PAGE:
Indulgence gets such a bad name.
It is darn near considered a deadly sin—or, perhaps it is considered the cornerstone for all of the seven sins—a self-satisfying nap as proxy for sloth, pigging out on pies and sweets considered a form of gluttony, and the pathway to lust is often paved by indulgence in one's libido as opposed to chaste restraint.
Yes, a conversation about indulgence can too easily snake over to indictments about Americans' growing waistlines, the number of Sunday afternoons spent watching football games and the general laziness of our citizenry.
But such categorizing is lazy (a form of indulgence, if I may point it out); a more refined consideration illustrates that indulgence also offers pathways to virtue—and in our annual Indulgence Issue we celebrate all those good points, as we turn the common conception of indulgence on its head (not to mention half the newspaper).
I may misquote the exact testament, but Ecclesiastes proclaims that there is a time for austerity, and there is a time to laze around the house, to stuff your face with Paul Newman chocolate bars and binge-watch "Game of Thrones."
Self-help books. Yoga. Emo music. Posting on Facebook. So many of these have defined lifestyles in the 21st century, and each (face it) is an act of indulgence.
Synonymous with satisfaction and fulfillment, indulgence is defined by Merriam Webster's Dictionary both as "the behavior of people who allow themselves to do what they want," and "something that is done or enjoyed as a special pleasure."
Although these definitions don't sound so bad, too often, the act of indulgence is also portrayed as an act of taking. But even that consideration of indulgence doesn't explore the full scope—and importance—of indulgence.
Halloween provides a perfect example: "trick-or-treat" plays out the important give-and-take relationship that indulgence facilitates so well. To create givers, we need takers, right? Asking—and taking—for free pieces of fun size Baby Ruths and Reese's Peanut Butter Cups is a quintessential act of indulgence, both in the asking and the subsequent devouring. But, it is also an act that delights the giver—who takes a certain degree of pleasure in pleasing the receiving ghost, goblin or fairydust pixie. And, by that virtue, the more people indulge on Halloween night by taking candy treats, the more happiness they are generating.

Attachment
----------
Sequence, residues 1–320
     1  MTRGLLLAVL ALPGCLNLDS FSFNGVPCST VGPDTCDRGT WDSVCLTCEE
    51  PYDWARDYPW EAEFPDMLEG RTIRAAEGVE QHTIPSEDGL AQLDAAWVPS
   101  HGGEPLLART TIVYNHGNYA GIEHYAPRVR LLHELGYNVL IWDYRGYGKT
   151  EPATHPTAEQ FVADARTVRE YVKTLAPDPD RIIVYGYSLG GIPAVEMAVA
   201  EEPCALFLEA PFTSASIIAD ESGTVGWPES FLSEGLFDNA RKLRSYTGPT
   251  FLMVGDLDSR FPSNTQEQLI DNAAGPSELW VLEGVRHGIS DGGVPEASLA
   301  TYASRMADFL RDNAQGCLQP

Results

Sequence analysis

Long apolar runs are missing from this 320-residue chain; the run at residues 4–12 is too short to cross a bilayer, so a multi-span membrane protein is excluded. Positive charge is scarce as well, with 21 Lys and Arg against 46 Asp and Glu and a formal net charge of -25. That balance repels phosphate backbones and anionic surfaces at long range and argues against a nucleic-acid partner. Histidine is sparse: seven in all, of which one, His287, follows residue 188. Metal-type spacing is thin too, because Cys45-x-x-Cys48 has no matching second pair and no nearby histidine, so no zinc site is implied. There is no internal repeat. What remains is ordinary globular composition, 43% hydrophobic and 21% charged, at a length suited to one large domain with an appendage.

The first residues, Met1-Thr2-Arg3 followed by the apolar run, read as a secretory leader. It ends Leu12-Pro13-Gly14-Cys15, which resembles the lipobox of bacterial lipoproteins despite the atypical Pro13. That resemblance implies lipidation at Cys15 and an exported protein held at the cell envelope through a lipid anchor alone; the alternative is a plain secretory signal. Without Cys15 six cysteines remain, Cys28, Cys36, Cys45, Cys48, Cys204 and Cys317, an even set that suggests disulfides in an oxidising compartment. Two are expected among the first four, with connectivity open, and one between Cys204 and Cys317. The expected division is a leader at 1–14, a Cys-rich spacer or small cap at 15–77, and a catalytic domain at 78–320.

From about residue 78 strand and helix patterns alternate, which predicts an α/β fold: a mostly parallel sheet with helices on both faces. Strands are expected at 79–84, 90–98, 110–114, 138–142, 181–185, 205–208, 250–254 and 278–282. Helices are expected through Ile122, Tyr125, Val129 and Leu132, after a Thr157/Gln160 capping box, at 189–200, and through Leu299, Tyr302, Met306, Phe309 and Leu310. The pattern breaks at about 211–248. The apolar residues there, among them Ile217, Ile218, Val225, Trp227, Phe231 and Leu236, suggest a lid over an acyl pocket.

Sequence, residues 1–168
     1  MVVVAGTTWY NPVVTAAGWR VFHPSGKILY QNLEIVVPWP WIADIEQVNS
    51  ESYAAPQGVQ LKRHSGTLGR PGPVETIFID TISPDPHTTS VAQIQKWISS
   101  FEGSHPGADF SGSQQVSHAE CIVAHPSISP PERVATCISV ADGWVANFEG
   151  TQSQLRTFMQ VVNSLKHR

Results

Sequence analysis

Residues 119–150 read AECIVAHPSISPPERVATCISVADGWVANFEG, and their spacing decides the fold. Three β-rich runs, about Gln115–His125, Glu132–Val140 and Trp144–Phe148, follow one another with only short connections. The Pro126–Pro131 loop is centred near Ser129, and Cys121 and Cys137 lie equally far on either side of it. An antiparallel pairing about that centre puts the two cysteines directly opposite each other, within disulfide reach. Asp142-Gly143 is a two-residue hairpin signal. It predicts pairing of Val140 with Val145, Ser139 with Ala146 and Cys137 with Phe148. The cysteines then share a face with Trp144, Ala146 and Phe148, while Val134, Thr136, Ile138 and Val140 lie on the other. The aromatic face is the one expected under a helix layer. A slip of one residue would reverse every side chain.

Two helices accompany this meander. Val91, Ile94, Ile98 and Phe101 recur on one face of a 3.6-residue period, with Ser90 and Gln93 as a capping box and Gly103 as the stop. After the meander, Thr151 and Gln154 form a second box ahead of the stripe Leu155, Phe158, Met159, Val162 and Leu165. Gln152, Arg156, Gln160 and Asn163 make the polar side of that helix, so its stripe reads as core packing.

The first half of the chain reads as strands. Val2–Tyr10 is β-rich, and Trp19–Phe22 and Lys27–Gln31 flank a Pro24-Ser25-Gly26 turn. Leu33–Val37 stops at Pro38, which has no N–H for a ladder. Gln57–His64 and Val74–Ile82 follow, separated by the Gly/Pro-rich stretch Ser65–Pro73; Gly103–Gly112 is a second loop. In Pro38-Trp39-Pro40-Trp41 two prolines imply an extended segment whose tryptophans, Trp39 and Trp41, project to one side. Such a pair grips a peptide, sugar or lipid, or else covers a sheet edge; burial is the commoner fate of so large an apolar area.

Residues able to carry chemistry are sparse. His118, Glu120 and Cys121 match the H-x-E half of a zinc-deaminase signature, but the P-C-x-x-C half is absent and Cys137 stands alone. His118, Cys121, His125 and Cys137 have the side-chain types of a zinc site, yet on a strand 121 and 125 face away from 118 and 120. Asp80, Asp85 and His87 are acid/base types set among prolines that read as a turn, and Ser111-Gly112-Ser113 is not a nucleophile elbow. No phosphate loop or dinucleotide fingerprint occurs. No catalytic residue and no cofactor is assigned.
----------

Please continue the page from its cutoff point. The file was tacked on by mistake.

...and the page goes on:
This theory, in particular, has played out in the entertainment industry. Yes, TV watching is so routinely maligned as a lazy and passive—and, dare I say, indulgent—pastime. But that Puritanical attitude again ignores the very equation of supply and demand that indulgence inspires. Yes, Americans watch more TV than ever. Some 28 hours weekly. Yet, it isn't a coincidence that the quality of TV has climbed along with this demand: This is the heyday of TV. There are currently more quality TV shows produced in a single year than any other previous decade. What's more, shows like "MASH" and "Hill Street Blues" shrink in comparison to the clever, textured and complicated weave of multiple storylines in shows like "LOST," "Orange is the New Black" and "Breaking Bad." And, in that regard, the truly indulgent person isn't some passive couch potato, but is actually—and perhaps counter-intuitively—actively building and contributing to the incline of American culture. (It is easy to extrapolate this argument to the indulgent nature of "foodies," who have risen as a sub-population in the past decade, and brought along with their indulgent 10 meals eaten out weekly a rise in the quality and quantity of chefs in America.)
In this issue, we provide a round-up of chocolate in town (pg. 45), point you toward some spa time (pg. 39), and suggest some leisure reading (pg. 25).
Indulge yourself—and know that in doing so, you are actually committing an act of generosity.